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photographer E-Yaji.
The Mary and George Bloch Collection: Part V  
Bonham's, Hong Kong, 27 May 2012: Lot 23 

Lot 23


Lot 23
Treasury 5, no. 814 (‘Imperial Blush’)

A glass ‘lotus and fish’ snuff bottle

Transparent, pale ruby-pink glass with a few sparsely scattered small air bubbles; with a flat lip and slightly recessed, slightly convex foot surrounded by a protruding footrim made up of elements of the design; carved on each main side with a convex circular panel, one containing a lotus plant, the other a carp set above formalized waves from which grow reeds, enclosed within a simulated rope frame, the narrow sides with three panels, all framed within similar rope borders and containing six of the Eight Buddhist Emblems with the wheel, the canopy, and the endless knot on one side, and the conch shell, umbrella, and vase on the other, the neck with a border of raised beads beneath a further rope border at the upper neck rim
Imperial glassworks, Beijing, 1730-1780
Height: 5.9 cm
Mouth/lip: 0.90/1.64 cm
Stopper: jadeite; gilt-bronze collar

Illustration: watercolour by Peter Suart

Hugh M. Moss Ltd. (1973)
Irving Lindzon
Christie’s, London, 12 October 1987, lot 303

JICSBS, Winter-Spring 1983, p. 29, fig. 2
JICSBS, Winter 1987, p. 29
Kleiner, Yang, and Shangraw 1994, no. 70
Treasury 5, no. 814

Creditanstalt, Vienna, May-June 1993
Hong Kong Museum of Art, March-June 1994
National Museum, Singapore, November 1994-February 1995

This is one of a series of Imperial bottles that we believe were probably produced during the Qianlong era, possibly beginning quite early in the reign. Usually of this substantial size, they have wide mouths and are made from a range of colourless glass mixed with just enough ruby-red (derived from colloidal gold) to render the material completely transparent while lending it a ruby blush. An almost identical bottle is to be found in the J & J Collection (Moss, Graham, and Tsang 1993, no. 355, where we cite many others and discuss the group, although we have revised our dating a little since then). The same design is also found in other colours including yellow, which reinforces the Imperial attribution (the Smith Collection, in the Field Museum, Chicago, JICSBS, June1972,p. 15, fig. 1), as does extensive use of rope borders, a known feature of palace decoration during the eighteenth century.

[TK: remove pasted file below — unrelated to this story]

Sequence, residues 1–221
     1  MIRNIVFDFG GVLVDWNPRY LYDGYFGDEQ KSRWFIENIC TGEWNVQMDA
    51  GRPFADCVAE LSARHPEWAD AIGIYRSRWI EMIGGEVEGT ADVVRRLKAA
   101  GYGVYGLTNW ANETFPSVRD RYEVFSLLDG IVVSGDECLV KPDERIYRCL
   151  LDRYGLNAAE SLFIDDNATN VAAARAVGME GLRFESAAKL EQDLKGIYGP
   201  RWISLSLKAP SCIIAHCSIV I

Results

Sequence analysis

We noted in relation to the J & J example that only six of the Eight Buddhist Emblems, symbols of a generally auspicious nature, were depicted on the narrow sides, because only six panels remained for decoration given that the foot and neck took up one panel each. The missing symbols—the pair of fish and the lotus—were cleverly represented by the subjects on the main-side panels.

This series of bottles was obviously made from the same original design, and many may have been blown into the same mould, although all surface decoration is added by the lapidary, evidence of which is supplied by differences in the carving. It seems likely that once the design was approved, an order was placed for a quantity that, since so many have survived from the eighteenth century, must have been substantial. The ruby-blush glass is so distinctive and so similar across the pink examples (despite differences in the variegation between pink and colourless glass, and varying intensities of the pinks themselves) that they may have been the result of a single, artistic impulse rather than a standard repeated over a long period.

They remain one of the loveliest groups of Imperial, faceted glass bottles and are uniformly impressive, with excellent formal integrity and superb carving. Doubtless, they were originally endowed with a lovely surface polish, both inside and out, which is characteristic of most of the surviving examples.


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Hugh Moss |